This was very much like the story in The Brother’s Karamazov where the mother had killed her children because of how terrible her life was and that the point was that we can’t judge another person because we don’t know what they are going through, even if they’ve done something terrible.

page 114 of 244 of An Unrestored Woman

The Lost Ribbon

The scene where she picks the food out of his beard is one of those odd memories we all retain for no reason and can’t seem to forget. It might not even mean anything other than it’s a memory that makes up who were are which itself is odd because that means we’re made up of a lot of things that don’t make sense to us, thus does life make any sense?

page 108 of 244 of An Unrestored Woman

The Lost Ribbon

The act of her counting the colored lentils is not too different than people playing solitaire to pass the time – seems all she’s ever been able to do is pass the time, the fact she’s lived to be over 60 is almost a shame. “All that trouble for nothing” (p 112)

She then compares the colors of the lentils to her lost ribbon, stolen just as she will be stolen when she a little older.

page 108 of 244 of An Unrestored Woman

The Lost Ribbon

I wonder if the ribbon is not only referring to her daughter’s yellow (not white) ribbon, but also refers to a part of herself, such as how she was raped at 14, and also of the way memory works where we don’t remember everything we’re more like “pebbles skipping across a pond” and what is lost is the time spent in the air before impact. She’s also describing involuntary memory a’la Proust.

page 106 of 244 of An Unrestored Woman

The Lost Ribbon

We start off with a murder and she compares this act with the summer heat and failure of the monsoons. It’s an interesting choice to introduce a character who is killing their child via strangulation and then justifies it by saying “If you [I] don’t kill her, he will”. Obviously something bad is also going on – I wonder if this will follow in Dostoevsky’s story of the mother murderer in Brothers?

page 103 of 244 of An Unrestored Woman

Blindfold

I mean the ending is almost the exact same as the Shawshank Redemption. But since I would assume almost everyone is familiar with this story, perhaps the Rao wanted to play on the idea but only tell it from the warden’s point of view (Bandra) and how she, despite her cruelty, was not able to get Zubaida to fear her – she should have known when the girl challenged the snake without fear.

page 94 of 244 of An Unrestored Woman

Blindfold

Zubaida (the girl) keeps repeating her name – perhaps so she doesn’t forget or out of defiance, as if speaking a name brings it into existence.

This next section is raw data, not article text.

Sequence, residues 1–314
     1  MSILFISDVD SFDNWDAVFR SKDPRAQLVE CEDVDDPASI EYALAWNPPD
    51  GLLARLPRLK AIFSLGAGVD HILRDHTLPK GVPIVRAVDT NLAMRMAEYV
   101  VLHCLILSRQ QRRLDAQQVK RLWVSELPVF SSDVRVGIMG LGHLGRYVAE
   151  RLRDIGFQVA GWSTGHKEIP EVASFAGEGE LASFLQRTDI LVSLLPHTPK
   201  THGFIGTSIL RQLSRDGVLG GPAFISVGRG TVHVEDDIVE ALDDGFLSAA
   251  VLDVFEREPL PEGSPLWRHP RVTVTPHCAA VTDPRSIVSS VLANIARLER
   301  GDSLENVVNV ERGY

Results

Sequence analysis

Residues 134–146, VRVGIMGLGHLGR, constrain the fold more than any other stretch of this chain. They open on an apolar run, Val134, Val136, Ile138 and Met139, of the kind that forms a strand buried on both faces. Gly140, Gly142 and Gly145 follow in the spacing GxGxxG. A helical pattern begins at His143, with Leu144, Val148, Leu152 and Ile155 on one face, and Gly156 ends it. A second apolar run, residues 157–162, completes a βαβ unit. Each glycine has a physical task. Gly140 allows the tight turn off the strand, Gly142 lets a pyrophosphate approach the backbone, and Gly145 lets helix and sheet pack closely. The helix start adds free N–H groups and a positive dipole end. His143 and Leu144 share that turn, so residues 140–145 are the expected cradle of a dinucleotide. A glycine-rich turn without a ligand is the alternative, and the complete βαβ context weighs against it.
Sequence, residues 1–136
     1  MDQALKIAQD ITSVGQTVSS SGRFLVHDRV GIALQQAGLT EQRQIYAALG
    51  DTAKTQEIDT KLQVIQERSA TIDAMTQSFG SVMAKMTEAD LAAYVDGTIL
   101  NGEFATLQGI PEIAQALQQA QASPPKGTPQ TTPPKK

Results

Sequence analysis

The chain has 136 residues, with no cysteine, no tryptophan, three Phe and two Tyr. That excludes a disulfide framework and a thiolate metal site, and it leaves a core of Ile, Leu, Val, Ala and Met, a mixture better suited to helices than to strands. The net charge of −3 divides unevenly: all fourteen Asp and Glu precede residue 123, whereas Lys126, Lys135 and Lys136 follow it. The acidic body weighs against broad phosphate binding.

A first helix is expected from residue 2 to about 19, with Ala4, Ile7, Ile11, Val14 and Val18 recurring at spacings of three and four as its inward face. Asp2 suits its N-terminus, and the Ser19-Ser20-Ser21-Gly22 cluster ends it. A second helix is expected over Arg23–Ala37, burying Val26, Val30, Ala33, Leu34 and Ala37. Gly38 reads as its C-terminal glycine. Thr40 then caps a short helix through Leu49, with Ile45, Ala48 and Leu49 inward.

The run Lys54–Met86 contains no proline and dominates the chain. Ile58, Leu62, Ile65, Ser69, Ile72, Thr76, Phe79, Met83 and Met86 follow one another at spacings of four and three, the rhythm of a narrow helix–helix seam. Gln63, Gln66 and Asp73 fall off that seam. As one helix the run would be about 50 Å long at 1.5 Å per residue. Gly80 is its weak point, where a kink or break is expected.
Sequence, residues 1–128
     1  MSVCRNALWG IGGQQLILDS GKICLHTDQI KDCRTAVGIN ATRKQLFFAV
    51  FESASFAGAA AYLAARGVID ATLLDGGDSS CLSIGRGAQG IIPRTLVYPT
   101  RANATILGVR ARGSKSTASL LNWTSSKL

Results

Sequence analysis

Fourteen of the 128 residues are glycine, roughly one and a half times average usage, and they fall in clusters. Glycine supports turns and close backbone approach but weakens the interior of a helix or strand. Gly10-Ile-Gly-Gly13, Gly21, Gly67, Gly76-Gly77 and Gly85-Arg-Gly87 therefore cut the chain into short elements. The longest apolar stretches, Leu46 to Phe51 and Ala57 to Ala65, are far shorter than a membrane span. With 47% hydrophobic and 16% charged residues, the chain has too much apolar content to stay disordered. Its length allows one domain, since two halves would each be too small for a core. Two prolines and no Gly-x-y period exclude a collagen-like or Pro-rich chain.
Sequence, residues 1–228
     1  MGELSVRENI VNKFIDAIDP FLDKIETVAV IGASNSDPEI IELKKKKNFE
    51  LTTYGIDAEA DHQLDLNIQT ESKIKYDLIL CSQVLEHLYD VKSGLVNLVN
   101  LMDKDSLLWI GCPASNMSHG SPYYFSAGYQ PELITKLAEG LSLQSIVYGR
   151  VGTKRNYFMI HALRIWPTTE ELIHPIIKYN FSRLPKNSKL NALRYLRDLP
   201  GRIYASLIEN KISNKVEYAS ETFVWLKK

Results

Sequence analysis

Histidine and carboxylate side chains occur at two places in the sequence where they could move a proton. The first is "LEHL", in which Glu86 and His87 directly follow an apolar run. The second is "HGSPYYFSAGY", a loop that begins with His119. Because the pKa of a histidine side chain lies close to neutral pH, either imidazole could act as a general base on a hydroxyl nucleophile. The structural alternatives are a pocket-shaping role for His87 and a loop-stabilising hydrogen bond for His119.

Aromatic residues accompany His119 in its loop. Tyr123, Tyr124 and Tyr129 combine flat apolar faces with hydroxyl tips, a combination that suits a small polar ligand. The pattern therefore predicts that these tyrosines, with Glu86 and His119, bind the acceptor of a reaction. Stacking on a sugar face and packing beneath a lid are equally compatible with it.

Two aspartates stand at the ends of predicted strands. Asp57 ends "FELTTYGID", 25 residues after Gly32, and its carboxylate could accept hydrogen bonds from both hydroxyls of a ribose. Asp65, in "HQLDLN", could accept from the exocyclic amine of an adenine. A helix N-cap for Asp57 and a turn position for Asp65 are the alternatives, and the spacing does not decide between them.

Bandra’s cruelty is not just to keep the girls in line, she’s actually full of hate and jealousy and malice – she hates these girls. And that’s odd because to hate them means she’s not indifferent to them (which would be crueler), she has an attachment to them.

page 88 of 244 of An Unrestored Woman

Blindfold

The violence is so matter-of-fact, so cruelly common – she just grabs the girl, tackles her, binds her up, and nobody does anything about it – not even the women. And then they way she’ll deal with the girl’s father, by sending her thugs to beat him as a lesson and not even giving him the agreed upon money. Her cruelty is banal – she doesn’t even let the girls have windows – no hope. No wonder she’s tired.

page 83 of 244 of An Unrestored Woman

Blindfold

Quite a leap to go from being married to a man 27 years old than you who dies and leaves gambling debts to deciding to just sell what’s left and start a brothel. Nobody just ups and does that so something else was going on that made her even consider it let alone actually carry it out. And that she thinks the girls actually like her means Bandra is really good at lying to herself.

page 82 of 244 of An Unrestored Woman

Blindfold

Sad to think this is still going on in the world where children as young as 4-5 years old are “bought” from their “impoverished” parents and then sold into sexual slavery. Interesting how Bandra is on the outlook for the girls’ mother or sisters and that she transacts with the father, not the women. She knows what she’s doing would probably get her killed if the women caught her.

page 78 of 244 of An Unrestored Woman

Unleashed

I was reminded of Marie de France’s lais, Laüstic (the one where the jealous husband kills the nightingale to keep his wife from standing at her window to see her lover and throws the bloody corpse at her chest where it leaves a bloody mark). The killing of the bird in this story is like the death of any love she might find, as if Cupid has been replaced by a sniper who only kills.